Review: ‘Godspell’ as performed in-concert Sunday by the Appalachian Musical Theatre Ensemble

Ryan Morris

Editor’s Note: The following reflects the opinions of the author.

A bold in-concert version of the award-winning musical “Godspell” was performed by the Appalachian Musical Theatre Ensemble to enthusiastic audiences last Saturday and Sunday as part of the Holy Week in the High Country at the First Baptist Church.

The show was the result of collaboration between the new club of student performers and the Appalachian Spiritual Life Association, in hopes of providing a lasting “gift to the community,” said Keith Martin, the co-director of the show and the advisor of the club. 

“Godspell,” which tells the story of Jesus and his followers through parables found in the Gospel of Matthew, was originally performed off-Broadway in 1971. Since then the show has had a few runs of popularity. Most recently, the show had a 2011-12 Broadway revival, featuring slight changes to the show itself.

The Ensemble features 13 Appalachian students from six different religious backgrounds. “Godspell” is their second production as a campus club, with a third planned for the spring.

This in-concert version of the show, consisting only of the songs from the newest version of the Broadway production and none of the dialogue, was a serious creative alteration that required special permission and rights on the part of the ensemble.

This bold move, which cut down the runtime of the overall show by nearly an hour, affected nearly all aspects of the production, as it stands separate from a full-fledged stage show.

The energized performers wore brightly colored T-shirts with no distinction of themselves from each other as characters, strengthening the ensemble feel of the show overall and transforming the show from a period piece to a modern musical review.

Simple, but powerful, choreography brought and kept the attention on the songs themselves rather than the individuals singing them; the show did not read like a musical in any sense, but more of a well-produced club/ensemble production of a collection of songs.

In an effort to showcase all members of the ensemble, there was no distinction among characters between songs and rather most members got a solo of some sort. This definitely kept things interesting musically and emphasized each individual’s talents as specific to the wide range of songs performed.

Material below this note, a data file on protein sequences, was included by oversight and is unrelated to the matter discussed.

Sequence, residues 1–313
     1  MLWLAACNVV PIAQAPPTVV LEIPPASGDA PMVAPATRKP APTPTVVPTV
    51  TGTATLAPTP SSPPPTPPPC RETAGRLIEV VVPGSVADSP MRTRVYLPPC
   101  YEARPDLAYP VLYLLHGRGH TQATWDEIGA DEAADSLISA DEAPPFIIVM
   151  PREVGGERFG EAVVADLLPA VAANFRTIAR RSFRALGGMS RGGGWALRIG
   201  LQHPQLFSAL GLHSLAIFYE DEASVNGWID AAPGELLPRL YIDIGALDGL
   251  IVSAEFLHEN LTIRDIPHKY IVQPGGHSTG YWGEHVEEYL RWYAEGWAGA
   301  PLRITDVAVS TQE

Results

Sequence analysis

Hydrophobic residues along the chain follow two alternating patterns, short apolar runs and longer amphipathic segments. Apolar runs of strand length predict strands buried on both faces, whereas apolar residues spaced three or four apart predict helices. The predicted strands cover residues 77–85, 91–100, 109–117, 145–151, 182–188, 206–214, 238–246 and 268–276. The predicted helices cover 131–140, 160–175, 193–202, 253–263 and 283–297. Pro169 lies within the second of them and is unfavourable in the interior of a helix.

However, this coupled with the lack of dialogue threatened the reduction of the story from a character-driven narrative to a collection of high-energy religious ballads. Three different singers sung the part of Jesus in various songs, and gender roles were reversed from the original for key characters such as John the Baptist.

“It was a really good performance, I was really impressed by all the actors and musical performers,” said Shane Jones, a student who also acts on campus. “I think because it was in concert some of the narrative aspect got lost and I had a little difficulty following that, but I don’t think that was a shortcoming of the actors, I think it was just a difficult translation.”

Overall, the performers filled the church with high spirits and impressive vocal skill, which without dialogue in between emphasized the ongoing intensity of each and every song.

All of the performers were given the chance to shine in their own way, and their high energy translated into enthusiastic crowd participation.

“It was really, really fun,” said David Rudow, an ensemble member in the show. “Going into it I wasn’t sure how it was going to turn out, but once we had an audience there and people to feed of off it’s really a fun show. It’s perfect amount of time to keep people engaged and keep us engaged so we don’t get tired of it.”

Rating: Three out of four stars.

Story: LOVEY COOPER, Senior A&E Reporter